Associate Professor of Communication
Priem’s research focuses on connecting supportive interactions with cortisol recovery following a stressful experience.
Healthy communication in a relationship is a powerful weapon against the wear and tear of daily stress. In Jennifer Priem’s lab, salivary samples are used to indicate when the stress hormone cortisol increases and when it decreases during supportive conversations between romantic partners. Her research focuses on determining which specific qualities of these interactions can be linked to physiological benefits as measured by a reduction in cortisol levels. On Psychology Today, Read More »
Healthy communication in a relationship is a powerful weapon against the wear and tear of daily stress. In Jennifer Priem’s lab, salivary samples are used to indicate when the stress hormone cortisol increases and when it decreases during supportive conversations between romantic partners. Her research focuses on determining which specific qualities of these interactions can be linked to physiological benefits as measured by a reduction in cortisol levels. On Psychology Today, Jennifer’s blog, Stressing Communication, tackles the questions related conversations, relationships, health and stress reduction.
March 29, 2019
Priem has found that problems arise between couples when each person has a different perception of what's stressful. So how do you get the response you want when you need it? "When a partner downplays the significance of something, the person who's stressed may hold on to it more or feel they have to convince the other person it's true and that they have a right to feel that way," says Priem. "You might say, 'I'm really upset right now, and I feel frustrated when it seems you're making light of my feelings. It would make me feel better if you'd be more responsive to the fact that I'm upset, even if you don't understand it.'"
December 12, 2018
“The fastest stress recovery comes from explicit messages,” says Priem. “When a partner is stressed, they are unable to focus on interpreting messages well. Clarity and eye contact help.”
February 6, 2018
When we feel supported, we feel less stress. But sometimes we think we are being supportive of a romantic partner and we're not. "Cookie cutter support messages don't really work," said Priem. "Stress creates a frame through which messages are interpreted. Support that is clear and explicit in validating feelings and showing interest and concern is most likely to lower cortisol levels and increase feelings of wellbeing and safety. If you aren't seeing improvement in your partner's anxiety, you may need to change your approach."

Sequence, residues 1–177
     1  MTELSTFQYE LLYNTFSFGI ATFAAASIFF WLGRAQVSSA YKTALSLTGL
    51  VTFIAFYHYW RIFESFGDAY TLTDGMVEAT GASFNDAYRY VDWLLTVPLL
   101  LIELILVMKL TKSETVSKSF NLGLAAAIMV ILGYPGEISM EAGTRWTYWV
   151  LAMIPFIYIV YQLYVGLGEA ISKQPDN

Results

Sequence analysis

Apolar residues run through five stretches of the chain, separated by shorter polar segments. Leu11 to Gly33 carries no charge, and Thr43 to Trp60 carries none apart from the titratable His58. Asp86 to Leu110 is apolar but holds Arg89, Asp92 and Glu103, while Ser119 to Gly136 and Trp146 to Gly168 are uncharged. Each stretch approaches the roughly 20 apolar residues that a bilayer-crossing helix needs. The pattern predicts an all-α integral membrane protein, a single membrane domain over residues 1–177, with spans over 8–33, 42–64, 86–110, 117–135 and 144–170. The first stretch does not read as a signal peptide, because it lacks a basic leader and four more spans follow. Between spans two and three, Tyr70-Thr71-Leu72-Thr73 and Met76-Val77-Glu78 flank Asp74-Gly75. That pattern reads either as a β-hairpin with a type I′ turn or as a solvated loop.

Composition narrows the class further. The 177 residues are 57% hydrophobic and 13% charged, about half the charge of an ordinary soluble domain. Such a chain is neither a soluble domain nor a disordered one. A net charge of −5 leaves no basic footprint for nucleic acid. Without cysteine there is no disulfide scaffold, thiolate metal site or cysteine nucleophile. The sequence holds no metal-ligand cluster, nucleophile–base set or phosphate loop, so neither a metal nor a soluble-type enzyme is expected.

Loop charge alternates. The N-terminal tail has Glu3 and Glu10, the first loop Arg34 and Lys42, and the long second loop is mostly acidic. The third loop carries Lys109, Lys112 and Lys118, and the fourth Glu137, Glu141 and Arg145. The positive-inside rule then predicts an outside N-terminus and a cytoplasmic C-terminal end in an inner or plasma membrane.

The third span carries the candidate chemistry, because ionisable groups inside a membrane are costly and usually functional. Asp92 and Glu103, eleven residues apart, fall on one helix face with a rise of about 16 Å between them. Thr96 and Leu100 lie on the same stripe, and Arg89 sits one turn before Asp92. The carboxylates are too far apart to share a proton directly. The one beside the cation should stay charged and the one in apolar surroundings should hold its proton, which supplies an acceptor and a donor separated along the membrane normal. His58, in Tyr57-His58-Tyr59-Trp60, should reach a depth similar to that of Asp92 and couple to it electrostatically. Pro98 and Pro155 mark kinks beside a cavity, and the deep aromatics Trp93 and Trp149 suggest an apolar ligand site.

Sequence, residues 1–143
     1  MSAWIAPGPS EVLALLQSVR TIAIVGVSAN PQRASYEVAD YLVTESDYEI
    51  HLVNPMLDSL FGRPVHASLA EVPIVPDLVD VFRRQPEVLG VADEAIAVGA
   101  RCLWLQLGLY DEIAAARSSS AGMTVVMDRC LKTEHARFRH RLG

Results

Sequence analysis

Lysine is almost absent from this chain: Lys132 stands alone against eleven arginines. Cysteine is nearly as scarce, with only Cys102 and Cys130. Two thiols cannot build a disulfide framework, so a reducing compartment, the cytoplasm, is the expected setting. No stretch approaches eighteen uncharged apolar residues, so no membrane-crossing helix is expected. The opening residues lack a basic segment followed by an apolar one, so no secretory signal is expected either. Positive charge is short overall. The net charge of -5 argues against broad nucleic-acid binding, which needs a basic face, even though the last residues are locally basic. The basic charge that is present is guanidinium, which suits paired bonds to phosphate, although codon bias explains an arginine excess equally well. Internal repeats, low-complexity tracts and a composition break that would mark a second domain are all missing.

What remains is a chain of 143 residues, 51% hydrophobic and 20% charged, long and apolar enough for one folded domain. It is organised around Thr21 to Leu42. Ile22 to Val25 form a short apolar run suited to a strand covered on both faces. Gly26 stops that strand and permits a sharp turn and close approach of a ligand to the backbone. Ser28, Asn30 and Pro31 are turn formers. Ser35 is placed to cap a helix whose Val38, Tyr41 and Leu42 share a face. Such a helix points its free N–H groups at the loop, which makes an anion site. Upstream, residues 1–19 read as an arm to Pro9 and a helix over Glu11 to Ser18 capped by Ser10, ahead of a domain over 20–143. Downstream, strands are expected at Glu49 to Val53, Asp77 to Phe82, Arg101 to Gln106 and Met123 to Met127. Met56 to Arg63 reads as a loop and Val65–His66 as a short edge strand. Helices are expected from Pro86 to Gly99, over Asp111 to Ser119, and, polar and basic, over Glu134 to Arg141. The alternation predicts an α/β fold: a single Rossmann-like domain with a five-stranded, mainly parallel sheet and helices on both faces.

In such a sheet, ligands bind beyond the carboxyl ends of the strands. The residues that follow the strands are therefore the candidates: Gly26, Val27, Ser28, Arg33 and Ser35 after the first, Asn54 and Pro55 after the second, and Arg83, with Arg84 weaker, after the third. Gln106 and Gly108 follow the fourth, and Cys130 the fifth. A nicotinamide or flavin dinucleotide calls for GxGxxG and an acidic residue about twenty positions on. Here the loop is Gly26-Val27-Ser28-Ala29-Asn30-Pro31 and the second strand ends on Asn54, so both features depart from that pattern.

February 8, 2018
Jennifer Priem joined WFDD’s David Ford to discuss her research on supportive communication. “There’s a lot to get past when people are working through that frame of stress to see supportive messages as very supportive or very positive messages,” said Priem. “The most explicit messages are the ones that tend to be picked up most easily as supportive.”
February 12, 2018
Jennifer Priem points out that partners have the power to reduce certain stress hormones, such as cortisol, in their partners by engaging in certain supportive techniques. Saliva samples can determine the increase and decrease of cortisol levels, giving a unique look into how certain interactions affect its rise and fall.
February 13, 2018
Priem was interviewed on what features of supportive conversation may help lower cortisol and reduce stress in a relationship between dating partners.
What Is Supportive About Supportive Conversation? Qualities of Interaction That Predict Emotional and Physiological Outcomes
What is supportive about supportive conversation? This study assesses how qualities of supportive interactions, operationalized from the perspectives of the support receiver and third-party observers, predict emotional improvement and cortisol recovery following a stressful experience.
February 8, 2019
When is the last time you and your partner made time to talk? Or, more important, made time to...
Areas of Expertise
- Dyadic stress and coping
- Emotional support
- Features of supportive communication
- Physiological responses to supportive communications
- Stress recovery
- Emotional recovery
Pennsylvania State University: Ph.D., Interpersonal Communication, Stress, and Health
University of Wisconsin-Milwaukee: M.A., Interpersonal/Organizational Communication Certificate of Mediation and Negotiation
University of Wisconsin-Milwaukee: B.A., PsychologyContact
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